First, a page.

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Número de publicaciónUS9717896 B2
Tipo de publicaciónConcesión
Número de solicitudUS 12/004,107
Fecha de publicación1 Ago 2017
Fecha de presentación18 Dic 2007
Fecha de prioridad18 Dic 2007
También publicado comoUS8409132, US20090157054, US20090157055, US20090157171
Número de publicación004107, 12004107, US 9717896 B2, US 9717896B2, US-B2-9717896, US9717896 B2, US9717896B2
InventoresBran Ferren, Roderick A. Hyde, Muriel Y. Ishikawa, Eric C. Leuthardt, Dennis J. Rivet, Lowell L. Wood, JR., Victoria Y. H. Wood
Cesionario originalGearbox, Llc
Exportar citaBiBTeX, EndNote, RefMan
Enlaces externos: USPTO, Cesión de USPTO, Espacenet
Treatment indications informed by a priori implant information
US 9717896 B2
Resumen
Systems and methods are described for implementing or deploying one or more capture components configured to accelerate a decrease in a local concentration of one or more therapeutic structures along a downstream portion of a vasculature and one or more dispensation components configured to release the one or more therapeutic structures into an upstream portion of the vasculature.
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Reclamaciones(1)
What is claimed is:
1. A therapeutic administration system comprising: one or more capture components configured to accelerate a decrease in a local concentration of one or more therapeutic structures along a downstream portion of a vasculature; and
one or more dispensation components configured to release the one or more therapeutic structures into an upstream portion of the vasculature, in which the one or more capture components configured to accelerate a decrease in a local concentration of one or more therapeutic structures along a downstream portion of a vasculature includes at least a conduit configured to bear a blood-containing material into a body lumen.
Descripción
SUMMARY

In one aspect, a method includes but is not limited to obtaining a priori implant information and signaling a decision whether to initiate implant-site-targeting treatment partly based on the a priori implant information and partly based on one or more other clot-indicative determinants. In addition to the foregoing, other method aspects are described in the claims, drawings, and text forming a part of the present disclosure.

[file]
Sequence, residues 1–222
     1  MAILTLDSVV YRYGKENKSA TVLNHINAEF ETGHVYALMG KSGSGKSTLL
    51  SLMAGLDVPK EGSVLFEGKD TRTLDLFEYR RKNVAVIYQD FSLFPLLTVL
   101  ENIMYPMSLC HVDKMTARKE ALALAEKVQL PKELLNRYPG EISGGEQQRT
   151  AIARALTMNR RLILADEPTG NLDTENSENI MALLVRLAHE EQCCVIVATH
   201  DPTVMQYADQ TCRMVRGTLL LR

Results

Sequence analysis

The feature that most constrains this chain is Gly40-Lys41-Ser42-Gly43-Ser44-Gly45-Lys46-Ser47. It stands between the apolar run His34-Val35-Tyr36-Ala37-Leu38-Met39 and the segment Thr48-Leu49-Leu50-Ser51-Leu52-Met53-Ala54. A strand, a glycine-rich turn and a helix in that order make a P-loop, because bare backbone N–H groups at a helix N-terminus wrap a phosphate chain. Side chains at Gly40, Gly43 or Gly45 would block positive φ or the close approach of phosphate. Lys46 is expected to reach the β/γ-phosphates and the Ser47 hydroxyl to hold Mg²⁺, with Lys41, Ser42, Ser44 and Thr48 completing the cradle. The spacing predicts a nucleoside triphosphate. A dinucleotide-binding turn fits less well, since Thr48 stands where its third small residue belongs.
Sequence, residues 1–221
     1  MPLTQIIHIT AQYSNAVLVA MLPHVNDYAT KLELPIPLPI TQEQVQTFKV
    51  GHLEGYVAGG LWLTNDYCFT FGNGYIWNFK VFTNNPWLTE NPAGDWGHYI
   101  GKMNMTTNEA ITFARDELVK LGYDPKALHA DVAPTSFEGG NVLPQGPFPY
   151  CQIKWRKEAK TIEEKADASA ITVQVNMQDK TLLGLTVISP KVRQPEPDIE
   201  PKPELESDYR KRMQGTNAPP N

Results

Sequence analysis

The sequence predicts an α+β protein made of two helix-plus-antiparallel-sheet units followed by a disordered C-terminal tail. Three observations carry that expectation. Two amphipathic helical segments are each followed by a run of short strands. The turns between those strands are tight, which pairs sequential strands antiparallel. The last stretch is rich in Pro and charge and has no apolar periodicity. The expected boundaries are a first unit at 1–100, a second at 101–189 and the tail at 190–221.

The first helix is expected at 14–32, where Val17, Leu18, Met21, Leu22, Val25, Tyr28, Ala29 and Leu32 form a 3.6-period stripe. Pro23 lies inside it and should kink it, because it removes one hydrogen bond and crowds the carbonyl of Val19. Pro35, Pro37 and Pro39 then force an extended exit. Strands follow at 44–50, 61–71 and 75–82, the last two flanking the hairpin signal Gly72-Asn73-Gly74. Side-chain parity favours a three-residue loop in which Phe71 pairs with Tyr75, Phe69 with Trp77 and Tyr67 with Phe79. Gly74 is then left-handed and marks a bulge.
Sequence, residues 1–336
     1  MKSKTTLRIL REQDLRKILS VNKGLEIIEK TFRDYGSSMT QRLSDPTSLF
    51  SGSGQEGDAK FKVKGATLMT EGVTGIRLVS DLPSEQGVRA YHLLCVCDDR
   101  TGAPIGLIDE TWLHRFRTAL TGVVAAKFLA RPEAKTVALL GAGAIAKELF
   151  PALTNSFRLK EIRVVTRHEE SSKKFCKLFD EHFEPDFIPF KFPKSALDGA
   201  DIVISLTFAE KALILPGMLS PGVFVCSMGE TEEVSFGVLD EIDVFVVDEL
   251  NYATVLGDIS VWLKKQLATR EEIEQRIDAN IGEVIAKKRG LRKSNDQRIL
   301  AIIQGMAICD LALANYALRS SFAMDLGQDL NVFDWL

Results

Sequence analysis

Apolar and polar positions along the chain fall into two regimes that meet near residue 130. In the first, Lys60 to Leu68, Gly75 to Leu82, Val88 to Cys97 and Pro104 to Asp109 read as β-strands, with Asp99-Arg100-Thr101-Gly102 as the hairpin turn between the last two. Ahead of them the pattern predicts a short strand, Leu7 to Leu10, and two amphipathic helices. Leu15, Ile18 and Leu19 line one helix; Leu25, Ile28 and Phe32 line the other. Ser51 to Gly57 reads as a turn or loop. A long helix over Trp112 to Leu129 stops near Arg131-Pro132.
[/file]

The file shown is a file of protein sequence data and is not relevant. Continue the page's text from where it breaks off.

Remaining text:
In one or more various aspects, related systems include but are not limited to circuitry and/or programming for effecting the herein-referenced method aspects; the circuitry and/or programming can be virtually any combination of hardware, software, and/or firmware configured to effect the herein-referenced method aspects depending upon the design choices of the system designer.

In one aspect, a system includes but is not limited to circuitry for obtaining a priori implant information and circuitry for signaling a decision whether to initiate implant-site-targeting treatment partly based on the a priori implant information and partly based on one or more other clot-indicative determinants. In addition to the foregoing, other system aspects are described in the claims, drawings, and text forming a part of the present disclosure.

In one aspect, a method includes but is not limited to obtaining a flow-change-indicative measurement and signaling a decision whether to administer one or more clot-reducing agents at least partly based on the flow-change-indicative measurement. In addition to the foregoing, other method aspects are described in the claims, drawings, and text forming a part of the present disclosure.

In one or more various aspects, related systems include but are not limited to circuitry and/or programming for effecting the herein-referenced method aspects; the circuitry and/or programming can be virtually any combination of hardware, software, and/or firmware configured to effect the herein-referenced method aspects depending upon the design choices of the system designer.

In one aspect, a system includes but is not limited to circuitry for obtaining a flow-change-indicative measurement and circuitry for signaling a decision whether to administer one or more clot-reducing agents at least partly based on the flow-change-indicative measurement. In addition to the foregoing, other system aspects are described in the claims, drawings, and text forming a part of the present disclosure.